Minnesota outscores its opponents by more points in the first quarter than any other team. They are 7th in second-quarter point differential and 6th in third-quarter differential. But in the fourth quarter, a.k.a. crunch time, or winning time, they are 29th, or next to last, behind only the Detroit Pistons, who fired their coach over the weekend. This is fueled by a whopping disparity of minus 122 points in the first six minutes of those fourth quarters, a time when Love is frequently resting.
Pieces of a dream, revisited
This recent swoon, even as their rivals currently eligible for a low playoff berth are surging, has landed this chronically floundering franchise—and their die-hard fans, bless them—in a familiar set of circumstances.
Love, the superstar, has a Get Out of the Gulag Free card, courtesy of Wolves management, who denied his request for a five-year contract extension and instead gave him the option of leaving after three years, which kicks in at the end of next season. With no playoffs likely for his sixth straight season in Minnesota this year, it would be prudent to plan for the possibility of Love exercising that option, which means the team must somehow enhance the inducements for him to stay, and/or calibrate the highest return they can get for trading him.
Rick Adelman, who has coached five different teams to more than 1,000 wins in this league, is 67 and presumably highly desirous of crowning his Hall of Fame resume with an elusive championship. With his wife still precariously close to last year’s scary batch of undiagnosed seizures, his formerly trustworthy instincts on player substitutions and motivations proving to be a miserable failure most of this season, and the team losing the scent of the playoffs, let alone a championship, his future, too, is in doubt. Indeed, when he missed Monday night’s loss to Houston due to “personal reasons,” it was hard not to mull the possibility that he was suddenly finished with his three-year tenure in Minnesota.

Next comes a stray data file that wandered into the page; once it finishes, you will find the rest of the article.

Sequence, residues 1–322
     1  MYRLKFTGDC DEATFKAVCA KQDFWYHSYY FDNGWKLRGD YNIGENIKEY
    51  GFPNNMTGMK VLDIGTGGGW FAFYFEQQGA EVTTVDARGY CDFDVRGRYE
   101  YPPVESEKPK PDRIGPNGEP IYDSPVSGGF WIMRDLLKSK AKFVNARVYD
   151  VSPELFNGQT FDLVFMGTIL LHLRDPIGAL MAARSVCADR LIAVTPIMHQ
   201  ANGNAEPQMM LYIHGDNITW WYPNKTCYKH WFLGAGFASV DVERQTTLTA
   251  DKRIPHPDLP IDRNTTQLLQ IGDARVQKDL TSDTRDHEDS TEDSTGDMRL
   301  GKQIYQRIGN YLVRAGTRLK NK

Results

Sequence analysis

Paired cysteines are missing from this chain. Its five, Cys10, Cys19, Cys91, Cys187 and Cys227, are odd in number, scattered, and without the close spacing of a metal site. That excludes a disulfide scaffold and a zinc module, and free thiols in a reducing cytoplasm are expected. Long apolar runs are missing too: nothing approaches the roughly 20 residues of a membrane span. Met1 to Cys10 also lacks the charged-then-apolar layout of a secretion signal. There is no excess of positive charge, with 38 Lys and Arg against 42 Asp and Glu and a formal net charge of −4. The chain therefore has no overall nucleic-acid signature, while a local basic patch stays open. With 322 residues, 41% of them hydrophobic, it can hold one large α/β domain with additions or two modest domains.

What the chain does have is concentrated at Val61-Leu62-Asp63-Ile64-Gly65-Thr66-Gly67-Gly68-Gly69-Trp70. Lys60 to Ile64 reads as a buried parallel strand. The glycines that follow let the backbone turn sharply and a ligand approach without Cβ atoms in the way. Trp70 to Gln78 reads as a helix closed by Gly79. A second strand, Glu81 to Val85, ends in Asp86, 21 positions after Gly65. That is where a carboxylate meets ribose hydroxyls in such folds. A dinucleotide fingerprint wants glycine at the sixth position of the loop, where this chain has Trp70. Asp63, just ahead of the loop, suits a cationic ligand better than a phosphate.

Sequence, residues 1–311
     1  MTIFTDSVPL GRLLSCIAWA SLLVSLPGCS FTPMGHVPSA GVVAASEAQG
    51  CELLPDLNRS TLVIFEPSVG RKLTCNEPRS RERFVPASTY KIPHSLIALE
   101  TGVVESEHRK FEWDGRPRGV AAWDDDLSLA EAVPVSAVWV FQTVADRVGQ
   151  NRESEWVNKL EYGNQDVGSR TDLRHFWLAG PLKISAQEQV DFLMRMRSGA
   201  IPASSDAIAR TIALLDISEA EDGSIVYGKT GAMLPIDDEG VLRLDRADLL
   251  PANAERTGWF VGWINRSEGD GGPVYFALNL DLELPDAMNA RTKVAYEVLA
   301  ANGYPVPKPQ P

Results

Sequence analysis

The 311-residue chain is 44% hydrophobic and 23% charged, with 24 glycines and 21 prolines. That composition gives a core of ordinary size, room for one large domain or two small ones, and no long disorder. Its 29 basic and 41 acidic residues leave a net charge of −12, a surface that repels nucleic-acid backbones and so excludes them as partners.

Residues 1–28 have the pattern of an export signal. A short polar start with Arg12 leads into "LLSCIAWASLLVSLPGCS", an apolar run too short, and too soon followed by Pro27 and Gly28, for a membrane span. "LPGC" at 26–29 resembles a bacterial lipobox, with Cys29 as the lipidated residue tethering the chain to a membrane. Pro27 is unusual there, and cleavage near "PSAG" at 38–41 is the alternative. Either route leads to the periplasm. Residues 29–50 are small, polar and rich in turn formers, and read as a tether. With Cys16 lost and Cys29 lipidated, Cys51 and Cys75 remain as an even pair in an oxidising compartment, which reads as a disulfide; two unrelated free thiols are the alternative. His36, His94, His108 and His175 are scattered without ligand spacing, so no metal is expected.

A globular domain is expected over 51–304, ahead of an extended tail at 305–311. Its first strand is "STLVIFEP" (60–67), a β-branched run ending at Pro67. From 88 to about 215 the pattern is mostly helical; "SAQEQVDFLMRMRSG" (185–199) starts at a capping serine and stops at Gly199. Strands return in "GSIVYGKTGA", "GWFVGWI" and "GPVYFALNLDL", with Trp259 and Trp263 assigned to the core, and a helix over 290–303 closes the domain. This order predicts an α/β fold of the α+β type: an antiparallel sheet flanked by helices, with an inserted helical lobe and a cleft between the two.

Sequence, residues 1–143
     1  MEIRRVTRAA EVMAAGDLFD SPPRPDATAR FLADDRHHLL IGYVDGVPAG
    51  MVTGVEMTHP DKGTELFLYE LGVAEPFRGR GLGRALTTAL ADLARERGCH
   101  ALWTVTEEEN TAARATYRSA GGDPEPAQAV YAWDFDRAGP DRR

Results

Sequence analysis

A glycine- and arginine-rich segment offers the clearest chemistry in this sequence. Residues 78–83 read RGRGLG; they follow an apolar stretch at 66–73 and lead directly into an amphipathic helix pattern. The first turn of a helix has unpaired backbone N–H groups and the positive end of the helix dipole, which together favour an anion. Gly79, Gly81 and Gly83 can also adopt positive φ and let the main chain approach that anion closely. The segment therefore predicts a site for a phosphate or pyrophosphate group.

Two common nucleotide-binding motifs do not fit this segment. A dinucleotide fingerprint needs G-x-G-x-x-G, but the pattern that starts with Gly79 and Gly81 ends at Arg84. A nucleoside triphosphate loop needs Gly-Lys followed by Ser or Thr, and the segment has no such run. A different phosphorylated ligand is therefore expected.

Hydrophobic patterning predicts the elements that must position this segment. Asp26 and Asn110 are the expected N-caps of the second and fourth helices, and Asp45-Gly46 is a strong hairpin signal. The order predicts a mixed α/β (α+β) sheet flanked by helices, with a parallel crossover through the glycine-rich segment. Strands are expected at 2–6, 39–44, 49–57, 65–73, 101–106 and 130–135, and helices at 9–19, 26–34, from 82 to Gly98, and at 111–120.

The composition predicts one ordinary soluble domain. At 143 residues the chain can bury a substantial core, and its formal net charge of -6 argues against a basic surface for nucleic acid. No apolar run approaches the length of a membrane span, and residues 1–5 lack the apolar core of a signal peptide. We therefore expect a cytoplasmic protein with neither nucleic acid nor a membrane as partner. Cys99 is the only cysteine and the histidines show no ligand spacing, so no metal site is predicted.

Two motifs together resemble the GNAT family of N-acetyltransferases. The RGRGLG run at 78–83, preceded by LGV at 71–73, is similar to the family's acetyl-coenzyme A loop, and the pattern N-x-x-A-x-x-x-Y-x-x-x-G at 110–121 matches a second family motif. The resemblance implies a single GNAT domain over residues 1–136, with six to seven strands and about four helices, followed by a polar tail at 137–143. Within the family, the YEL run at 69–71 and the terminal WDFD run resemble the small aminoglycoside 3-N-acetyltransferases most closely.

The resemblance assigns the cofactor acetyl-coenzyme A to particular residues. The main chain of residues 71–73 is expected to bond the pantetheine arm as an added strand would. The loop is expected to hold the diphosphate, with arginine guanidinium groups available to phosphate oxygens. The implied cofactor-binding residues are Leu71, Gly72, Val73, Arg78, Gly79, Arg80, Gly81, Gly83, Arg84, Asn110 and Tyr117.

These are ways Wolves-watchers will increasingly invest their time and conversations. Is Love leaving? What can and should we get in a trade, either for his services or to help him stay? Is Adelman leaving? Who should replace him? How many minutes should we play raw rookies like Shabazz Muhammad and Gorgui Dieng? Who should we pick in the upcoming college draft, provided we don’t sacrifice the pick by finishing ahead of 12 other teams? (If this last hypothetical is unclear, you don’t need to, or want to, wade into it just yet.)
For the die-hard optimists, there is still that roster studded with individual skills; the rationale that the Wolves’ 1-12 record in games decided by four points or less is a matter of chance that will revert to the mean; and a really soft part of the schedule in early March that could fuel a surge that returns Minnesota to playoff contention.
But the reality is that this has been the most disappointing Timberwolves season in nearly a decade because the standard litany of excuses isn’t tenable. The 2013-14 Wolves aren’t rebuilding, aren’t wracked by an unusual amount of injuries, and can’t point to one villain or cause or aspect of the game that spells the difference between success and failure.
And yet, for those who simply love pro basketball, the game abides. I won’t insult the intelligence of readers by putting a smiley face on the fact that, even at 24-28, this is the Wolves’ best record after 52 games since 2004-05. And I won’t pretend that wins and losses don’t matter.
But neither can I pretend that I don’t want to go see the unique likes of Love, Pekovic, Rubio, and contagiously joyous performers like backup center Ronny Turiaf, testing their skills against a wide variety of opposing styles and skill sets. The Wolves have 30 games left in what is becoming a season where disappointment will most likely lead to dramatic changes. Not all the memories these Wolves are leaving behind are good ones, by any means. But a lot of them are vivid, and many of those are, after all, to be cherished.